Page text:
The Role of Oxides in Catalytic CO Oxidation over Rhodium and Palladium
Research output: Contribution to journal › Article
Catalytic CO oxidation is a seemingly simple reaction between CO and O2 molecules, one of the reactions in automotive catalytic converters, and the fruit-fly reaction in model catalysis. Surprisingly, the phase responsible for the catalytic activity is still under debate, despite decades of investigations. We have performed a simple but yet conclusive study of single crystal Rh and Pd model catalysts, resolving this controversy. For Rh, the oxygen-covered metallic surface is more active than the oxide, while for Pd, thin oxide films are at least as active as the metallic surface, but a thicker oxide is less active. Apart from resolving a long-standing debate, our results pinpoint important design principles for oxidation catalysts as to prevent catalytic extinction at high oxygen exposures.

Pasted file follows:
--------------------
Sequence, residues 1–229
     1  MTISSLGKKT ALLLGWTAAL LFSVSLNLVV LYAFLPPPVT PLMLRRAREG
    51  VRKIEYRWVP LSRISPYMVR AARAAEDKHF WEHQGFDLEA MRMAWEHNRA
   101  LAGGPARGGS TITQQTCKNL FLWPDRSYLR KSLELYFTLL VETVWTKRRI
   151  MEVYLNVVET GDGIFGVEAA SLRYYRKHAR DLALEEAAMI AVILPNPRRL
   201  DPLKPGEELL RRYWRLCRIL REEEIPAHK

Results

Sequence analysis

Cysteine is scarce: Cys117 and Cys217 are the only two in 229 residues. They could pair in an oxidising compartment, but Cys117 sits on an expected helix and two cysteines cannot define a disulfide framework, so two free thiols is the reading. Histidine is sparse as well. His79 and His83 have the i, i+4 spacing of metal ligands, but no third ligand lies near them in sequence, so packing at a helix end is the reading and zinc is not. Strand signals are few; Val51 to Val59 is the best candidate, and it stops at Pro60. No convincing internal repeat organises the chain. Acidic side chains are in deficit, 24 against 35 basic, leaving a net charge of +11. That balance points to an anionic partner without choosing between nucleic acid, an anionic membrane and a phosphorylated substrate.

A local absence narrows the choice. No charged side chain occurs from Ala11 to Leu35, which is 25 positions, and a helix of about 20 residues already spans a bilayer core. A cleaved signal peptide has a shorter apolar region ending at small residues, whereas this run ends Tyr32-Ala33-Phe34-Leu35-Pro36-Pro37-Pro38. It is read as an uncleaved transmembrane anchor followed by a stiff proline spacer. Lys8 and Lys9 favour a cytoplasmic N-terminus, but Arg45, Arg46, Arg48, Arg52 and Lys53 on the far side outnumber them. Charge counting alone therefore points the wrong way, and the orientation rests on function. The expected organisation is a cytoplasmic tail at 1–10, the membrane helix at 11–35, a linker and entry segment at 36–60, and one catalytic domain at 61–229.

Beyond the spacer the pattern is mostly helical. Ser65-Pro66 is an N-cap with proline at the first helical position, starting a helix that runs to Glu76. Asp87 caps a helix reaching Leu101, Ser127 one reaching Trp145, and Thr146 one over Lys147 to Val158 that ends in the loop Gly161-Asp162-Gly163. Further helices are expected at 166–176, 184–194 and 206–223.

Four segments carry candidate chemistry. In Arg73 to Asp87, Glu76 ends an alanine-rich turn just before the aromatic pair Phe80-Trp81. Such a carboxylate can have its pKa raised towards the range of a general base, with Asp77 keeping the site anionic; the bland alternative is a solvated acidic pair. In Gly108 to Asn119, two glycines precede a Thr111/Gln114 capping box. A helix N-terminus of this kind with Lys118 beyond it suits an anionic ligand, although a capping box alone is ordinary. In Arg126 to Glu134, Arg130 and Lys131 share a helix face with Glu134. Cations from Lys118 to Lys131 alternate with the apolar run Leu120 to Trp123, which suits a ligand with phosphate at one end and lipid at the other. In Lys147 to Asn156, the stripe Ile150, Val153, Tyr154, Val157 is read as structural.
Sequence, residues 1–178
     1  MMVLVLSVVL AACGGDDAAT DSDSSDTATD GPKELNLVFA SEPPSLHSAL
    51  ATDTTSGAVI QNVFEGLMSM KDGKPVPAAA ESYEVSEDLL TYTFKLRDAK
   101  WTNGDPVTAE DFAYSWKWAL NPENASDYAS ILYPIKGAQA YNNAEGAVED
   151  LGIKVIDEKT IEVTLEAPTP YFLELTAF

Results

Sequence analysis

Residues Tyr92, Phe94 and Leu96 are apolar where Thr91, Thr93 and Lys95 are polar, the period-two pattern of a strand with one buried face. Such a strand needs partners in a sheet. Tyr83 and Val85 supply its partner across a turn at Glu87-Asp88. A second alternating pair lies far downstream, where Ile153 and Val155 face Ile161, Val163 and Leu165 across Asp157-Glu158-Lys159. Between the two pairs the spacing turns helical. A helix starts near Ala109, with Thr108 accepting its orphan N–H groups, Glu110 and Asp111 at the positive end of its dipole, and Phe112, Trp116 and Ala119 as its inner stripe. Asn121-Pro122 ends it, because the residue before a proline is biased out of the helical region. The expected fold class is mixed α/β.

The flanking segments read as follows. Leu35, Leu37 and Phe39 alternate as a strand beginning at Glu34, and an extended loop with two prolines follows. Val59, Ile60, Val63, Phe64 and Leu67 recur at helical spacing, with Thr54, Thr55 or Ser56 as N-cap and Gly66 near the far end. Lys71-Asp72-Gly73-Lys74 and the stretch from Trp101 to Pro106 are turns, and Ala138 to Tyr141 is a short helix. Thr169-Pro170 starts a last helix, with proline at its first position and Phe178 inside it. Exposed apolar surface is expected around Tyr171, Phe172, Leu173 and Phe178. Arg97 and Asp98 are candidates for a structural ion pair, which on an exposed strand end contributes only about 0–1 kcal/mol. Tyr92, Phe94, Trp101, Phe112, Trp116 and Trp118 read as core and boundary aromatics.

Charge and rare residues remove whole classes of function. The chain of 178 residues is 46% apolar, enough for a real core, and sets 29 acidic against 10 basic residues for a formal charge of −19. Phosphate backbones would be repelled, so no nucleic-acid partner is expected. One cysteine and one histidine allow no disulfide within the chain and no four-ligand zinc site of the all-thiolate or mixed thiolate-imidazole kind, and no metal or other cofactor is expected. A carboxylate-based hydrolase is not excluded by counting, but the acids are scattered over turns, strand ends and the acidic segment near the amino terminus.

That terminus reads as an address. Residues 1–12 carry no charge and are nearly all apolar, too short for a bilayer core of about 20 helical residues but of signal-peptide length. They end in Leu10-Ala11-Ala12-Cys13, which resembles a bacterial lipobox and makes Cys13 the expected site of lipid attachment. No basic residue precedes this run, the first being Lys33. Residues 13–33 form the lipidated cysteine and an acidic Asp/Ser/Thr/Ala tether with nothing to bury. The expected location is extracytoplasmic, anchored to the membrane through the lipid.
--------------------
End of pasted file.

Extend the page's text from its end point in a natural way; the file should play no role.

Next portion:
|Research areas and keywords||
Subject classification (UKÄ) – MANDATORY
|Number of pages||8|
|Publication status||Published - 2018 May 4|